Lymphatic malformations (cystic hygroma) are congenital malformations formed from blocked lymphatic ducts that fail to drain into the venous system. This results in multiple dilated sacs of lymph fluid. Up to 70% are present at birth and most are evident by 2 years of age. These masses are soft, compressible, non-tender and may extend to any neck level. They can be best evaluated by CT or MRI. Treatment consists of observation, injection of sclerosing agents, or surgical resection. Surgical resection is recommended in the presence of airway compromise, or significant cosmetic deformity. Recurrence rate is high even following surgical resection.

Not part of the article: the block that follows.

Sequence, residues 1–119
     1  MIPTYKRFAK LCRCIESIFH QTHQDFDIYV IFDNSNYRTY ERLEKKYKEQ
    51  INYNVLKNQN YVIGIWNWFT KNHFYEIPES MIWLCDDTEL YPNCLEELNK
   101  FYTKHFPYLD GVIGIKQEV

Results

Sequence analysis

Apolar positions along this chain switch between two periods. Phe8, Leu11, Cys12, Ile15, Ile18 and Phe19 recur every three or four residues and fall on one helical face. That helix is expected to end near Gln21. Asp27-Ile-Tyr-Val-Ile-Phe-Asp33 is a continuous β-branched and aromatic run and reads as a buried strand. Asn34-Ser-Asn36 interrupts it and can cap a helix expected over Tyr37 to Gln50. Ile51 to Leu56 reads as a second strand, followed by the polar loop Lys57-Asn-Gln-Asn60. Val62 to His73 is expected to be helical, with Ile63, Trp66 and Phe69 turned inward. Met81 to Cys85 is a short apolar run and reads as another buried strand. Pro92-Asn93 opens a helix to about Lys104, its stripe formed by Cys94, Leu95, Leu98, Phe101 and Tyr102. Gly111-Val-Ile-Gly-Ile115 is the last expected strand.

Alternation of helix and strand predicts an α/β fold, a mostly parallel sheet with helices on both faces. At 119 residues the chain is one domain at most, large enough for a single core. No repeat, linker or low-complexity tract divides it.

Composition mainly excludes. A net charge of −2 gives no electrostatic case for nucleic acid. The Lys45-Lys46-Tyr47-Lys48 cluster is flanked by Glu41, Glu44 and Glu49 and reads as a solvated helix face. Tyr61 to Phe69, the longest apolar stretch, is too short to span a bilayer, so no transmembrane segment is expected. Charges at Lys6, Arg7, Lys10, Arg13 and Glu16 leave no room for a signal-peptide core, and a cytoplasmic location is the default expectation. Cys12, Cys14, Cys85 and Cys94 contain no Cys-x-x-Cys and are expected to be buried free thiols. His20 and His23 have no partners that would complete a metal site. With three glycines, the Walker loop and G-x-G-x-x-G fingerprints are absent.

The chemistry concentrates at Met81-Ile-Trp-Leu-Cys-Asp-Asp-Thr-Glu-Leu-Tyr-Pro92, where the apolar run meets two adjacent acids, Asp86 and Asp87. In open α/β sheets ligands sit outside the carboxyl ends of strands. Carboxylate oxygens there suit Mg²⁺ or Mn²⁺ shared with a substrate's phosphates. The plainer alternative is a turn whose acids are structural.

Branchial cleft abnormalities lead to up to 30% of all congenital neck masses. The anomalies are a result of disturbances in the development of the branchial apparatus. There are five branchial arches comprised of ectoderm, endoderm , and mesoderm which give rise to many of the structures in the head and neck. Clefts arise from ectoderm between each arch and typically obliterate through development, however the failure of these clefts to obliterate leads to cysts, sinuses, or fistulas. First branchial cysts are classified as type I and type II. Type I lesions are duplications of the external auditory canal and may present as fistulas inferior to the earlobe, but rarely as cystic masses. Type II lesions may present as cystic masses inferior to the the angle of the mandible and anterior to the sternocleidomastoid (SCM) muscle. Second branchial cleft cysts are the most common, comprising more than 90% of all anomalies and present as masses along the anterior border of the SCM. These lesions may not present until late childhood or adolescence. They can also become infected with oral flora since many have tracts that lead to the tonsillar fossa in the oropharynx. Type III and IV branchial cleft cysts are rare but present as neck swellings at the lower anterior border of the SCM or as recurrent thyroid abscesses since they both intimately associated with the thyroid gland. Many of these lesions have sinus tracts that open near the piriform sinus near the larynx. The definitive treatment for all branchial cleft anomalies is surgical excision including all fistula tracts. Cauterization of tracts near the piriform sinus has been shown as an effective treatment to prevent recurrent neck infections in type III/IV brachial cleft anomalies.